I also laughed out loud because he said I made big bucks, :joy:. I don’t work for one of the MAANA firms, so I guess that’s all relative.

But apparently here in NC, a lot of my neighbors work in tech.

5 Likes
  1. My company builds software but I’m not a developer, I don’t code. My job is find out what to build next. I find out what other companies are doing, find out what our customers need and build out a list of things that will make the company the most money in the shortest period of time. Then I work with the team to build it.
  2. I used to do a bunch of research up front, Like Months! Then Build something. Now I just build stuff, get feedback and change it real quick if customers don’t like it.

Also because I used to suck at job I used to not talk to customers and design the solution myself.

4 Likes
  1. I manage a team of people who manage teams of people who build software things, all the while vacillating wildly between feeling super empathetic to my team when they complain and ask for help when things don’t go perfectly (which is constantly) and wishing they would toughen the fuck up and batter down doors and figure some shit out for themselves like I had to and suddenly understand why people don’t take a chance on new PMs because it’s so, so, so hard to bring even good ones up to speed, then feel like a total shitbag for feeling that because my job is to enable them and I knew what I was signing up for rather than building products any more, then I feel it again the next day anyway and wish for the fiftieth time I went Principal instead.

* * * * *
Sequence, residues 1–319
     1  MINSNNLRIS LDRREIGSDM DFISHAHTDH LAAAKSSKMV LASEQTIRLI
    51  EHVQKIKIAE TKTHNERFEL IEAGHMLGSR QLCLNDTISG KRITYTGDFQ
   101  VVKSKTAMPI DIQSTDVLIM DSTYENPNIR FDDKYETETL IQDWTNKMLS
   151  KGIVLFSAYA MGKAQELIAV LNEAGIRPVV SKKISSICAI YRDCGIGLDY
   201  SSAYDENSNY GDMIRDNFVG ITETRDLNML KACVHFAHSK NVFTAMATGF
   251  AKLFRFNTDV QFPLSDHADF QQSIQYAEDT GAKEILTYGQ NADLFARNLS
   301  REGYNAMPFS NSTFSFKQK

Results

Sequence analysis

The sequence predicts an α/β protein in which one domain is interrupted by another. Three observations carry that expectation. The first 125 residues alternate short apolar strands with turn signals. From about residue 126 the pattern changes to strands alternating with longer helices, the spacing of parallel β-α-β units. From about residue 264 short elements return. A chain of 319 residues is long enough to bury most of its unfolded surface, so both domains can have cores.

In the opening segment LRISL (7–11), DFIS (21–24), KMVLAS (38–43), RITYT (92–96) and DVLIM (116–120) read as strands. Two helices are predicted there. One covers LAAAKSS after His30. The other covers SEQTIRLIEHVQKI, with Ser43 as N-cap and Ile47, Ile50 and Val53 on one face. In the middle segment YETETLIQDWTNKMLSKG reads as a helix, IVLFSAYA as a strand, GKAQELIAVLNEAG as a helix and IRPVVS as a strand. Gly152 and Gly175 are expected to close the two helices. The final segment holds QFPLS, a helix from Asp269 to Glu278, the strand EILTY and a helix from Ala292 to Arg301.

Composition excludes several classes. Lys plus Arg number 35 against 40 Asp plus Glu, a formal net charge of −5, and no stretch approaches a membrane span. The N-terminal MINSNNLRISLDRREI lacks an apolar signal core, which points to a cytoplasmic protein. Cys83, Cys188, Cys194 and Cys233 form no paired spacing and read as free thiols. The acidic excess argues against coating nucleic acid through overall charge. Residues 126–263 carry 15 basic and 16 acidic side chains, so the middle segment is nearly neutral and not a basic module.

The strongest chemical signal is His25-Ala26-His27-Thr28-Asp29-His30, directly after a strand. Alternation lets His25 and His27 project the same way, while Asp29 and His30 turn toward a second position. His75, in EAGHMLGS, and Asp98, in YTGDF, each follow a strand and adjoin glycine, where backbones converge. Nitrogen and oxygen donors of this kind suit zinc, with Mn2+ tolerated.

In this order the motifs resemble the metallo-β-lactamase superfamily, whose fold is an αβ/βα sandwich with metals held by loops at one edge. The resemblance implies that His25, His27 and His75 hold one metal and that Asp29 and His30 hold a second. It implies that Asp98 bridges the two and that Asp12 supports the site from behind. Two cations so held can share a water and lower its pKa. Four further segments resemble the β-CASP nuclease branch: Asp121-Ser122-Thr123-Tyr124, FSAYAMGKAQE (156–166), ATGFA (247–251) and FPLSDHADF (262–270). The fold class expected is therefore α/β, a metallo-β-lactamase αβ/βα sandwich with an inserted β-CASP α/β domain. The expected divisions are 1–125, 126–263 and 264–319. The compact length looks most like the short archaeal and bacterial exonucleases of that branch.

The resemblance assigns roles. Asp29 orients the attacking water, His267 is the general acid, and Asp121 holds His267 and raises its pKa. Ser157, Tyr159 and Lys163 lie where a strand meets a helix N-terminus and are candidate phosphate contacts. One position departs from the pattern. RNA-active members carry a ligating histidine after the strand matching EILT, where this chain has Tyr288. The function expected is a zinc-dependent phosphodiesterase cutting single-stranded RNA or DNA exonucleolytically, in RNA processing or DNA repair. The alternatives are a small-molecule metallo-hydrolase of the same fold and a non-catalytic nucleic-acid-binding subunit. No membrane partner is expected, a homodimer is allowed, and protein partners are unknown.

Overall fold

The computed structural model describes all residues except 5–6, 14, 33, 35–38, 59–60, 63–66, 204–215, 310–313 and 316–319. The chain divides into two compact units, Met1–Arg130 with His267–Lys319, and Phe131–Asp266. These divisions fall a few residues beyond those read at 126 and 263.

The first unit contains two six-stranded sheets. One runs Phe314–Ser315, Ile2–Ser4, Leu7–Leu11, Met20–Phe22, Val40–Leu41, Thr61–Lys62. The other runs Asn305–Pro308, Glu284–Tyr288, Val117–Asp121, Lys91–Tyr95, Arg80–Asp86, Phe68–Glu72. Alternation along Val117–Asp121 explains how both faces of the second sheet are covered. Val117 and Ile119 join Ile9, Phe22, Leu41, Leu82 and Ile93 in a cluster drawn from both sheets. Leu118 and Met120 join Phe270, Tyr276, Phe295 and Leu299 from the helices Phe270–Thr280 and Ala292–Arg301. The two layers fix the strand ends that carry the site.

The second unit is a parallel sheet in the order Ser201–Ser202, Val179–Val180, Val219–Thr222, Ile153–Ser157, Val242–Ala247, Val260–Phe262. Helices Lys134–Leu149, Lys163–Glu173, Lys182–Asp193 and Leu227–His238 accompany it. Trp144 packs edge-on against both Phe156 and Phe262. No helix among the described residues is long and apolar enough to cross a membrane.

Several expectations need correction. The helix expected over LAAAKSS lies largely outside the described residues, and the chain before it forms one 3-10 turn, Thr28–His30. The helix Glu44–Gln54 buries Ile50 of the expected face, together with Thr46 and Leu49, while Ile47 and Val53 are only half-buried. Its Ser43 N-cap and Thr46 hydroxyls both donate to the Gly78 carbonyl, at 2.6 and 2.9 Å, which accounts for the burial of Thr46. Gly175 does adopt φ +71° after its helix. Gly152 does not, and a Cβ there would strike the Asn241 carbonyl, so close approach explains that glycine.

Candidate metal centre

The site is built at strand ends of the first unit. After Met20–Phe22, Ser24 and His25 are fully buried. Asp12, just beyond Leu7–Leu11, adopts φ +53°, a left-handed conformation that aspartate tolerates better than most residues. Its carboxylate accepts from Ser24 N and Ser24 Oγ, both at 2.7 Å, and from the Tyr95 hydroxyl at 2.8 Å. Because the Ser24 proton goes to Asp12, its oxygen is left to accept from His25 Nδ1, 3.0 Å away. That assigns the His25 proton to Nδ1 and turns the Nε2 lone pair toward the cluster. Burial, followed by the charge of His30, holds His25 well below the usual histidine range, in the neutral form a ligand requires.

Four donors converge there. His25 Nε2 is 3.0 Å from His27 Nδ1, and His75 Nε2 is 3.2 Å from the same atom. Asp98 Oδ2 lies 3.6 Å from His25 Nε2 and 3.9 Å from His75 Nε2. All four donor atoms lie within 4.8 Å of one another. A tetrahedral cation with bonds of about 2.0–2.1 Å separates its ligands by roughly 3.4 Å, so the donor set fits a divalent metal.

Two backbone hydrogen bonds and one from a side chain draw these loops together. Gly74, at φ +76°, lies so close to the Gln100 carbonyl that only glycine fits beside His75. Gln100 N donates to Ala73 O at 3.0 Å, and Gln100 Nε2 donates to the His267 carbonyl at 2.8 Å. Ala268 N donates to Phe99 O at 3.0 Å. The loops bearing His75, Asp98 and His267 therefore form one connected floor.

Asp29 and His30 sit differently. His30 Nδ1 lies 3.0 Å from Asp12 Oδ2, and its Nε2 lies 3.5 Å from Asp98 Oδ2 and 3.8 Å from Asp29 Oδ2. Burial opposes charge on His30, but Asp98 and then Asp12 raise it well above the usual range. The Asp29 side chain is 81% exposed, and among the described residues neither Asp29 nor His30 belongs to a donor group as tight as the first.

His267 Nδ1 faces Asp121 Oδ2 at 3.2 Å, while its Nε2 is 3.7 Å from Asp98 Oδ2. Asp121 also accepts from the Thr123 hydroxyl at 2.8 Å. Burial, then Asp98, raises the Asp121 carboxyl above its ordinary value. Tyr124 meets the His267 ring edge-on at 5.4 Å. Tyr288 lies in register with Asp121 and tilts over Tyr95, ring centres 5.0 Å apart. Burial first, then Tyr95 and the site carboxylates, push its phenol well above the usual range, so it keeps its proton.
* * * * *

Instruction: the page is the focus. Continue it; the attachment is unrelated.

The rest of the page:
2. It doesn’t take me six months to deploy something.
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Grandma: So, baby. What do you do?

Me: I’m a Product Manager at XYZ.

Grandma: OH, what is that?

Me: It’s someone in a company that spends time finding out what customers want and what competitors are doing and what future market trends will be and explains to really technical engineers and really creative designers and really energetic business people on what to build so people will buy our stuff, make a lot of money, and keep funding coming in.

Grandma: So you’re the boss?

Me: Yeah, Grandma. I’m the Boss. :blush:

2 Likes

I see a Sr. Principal PM in my org happily solving one of the hardest and most interesting cross-platform problems we have with no direct reports, and giving almost no fucks.

Gets paid more than me and doesn’t have to care about team dynamics, hiring, on-call rotas, processes, promotions, budgets, arguments about processes, herding all the different directors, our incredibly annoying new CPO, arguments between VPs and C-Suite about priority, expenses, conferences, training, personal development, people having personal spats, etc. etc. etc. and can just… build cool, interesting things. Jealous of her nearly every day

Product leadership is super overrated as a goal other than “prestige”

1 Like

New products, new features both have lots of great ideas from lots of folks. We prioritize, flesh out, enhance and then confirm that they work (are valuable) once they’re completed.

Phone example - there are 20 colors suggested, we find out/decide which is best then spend the effort there.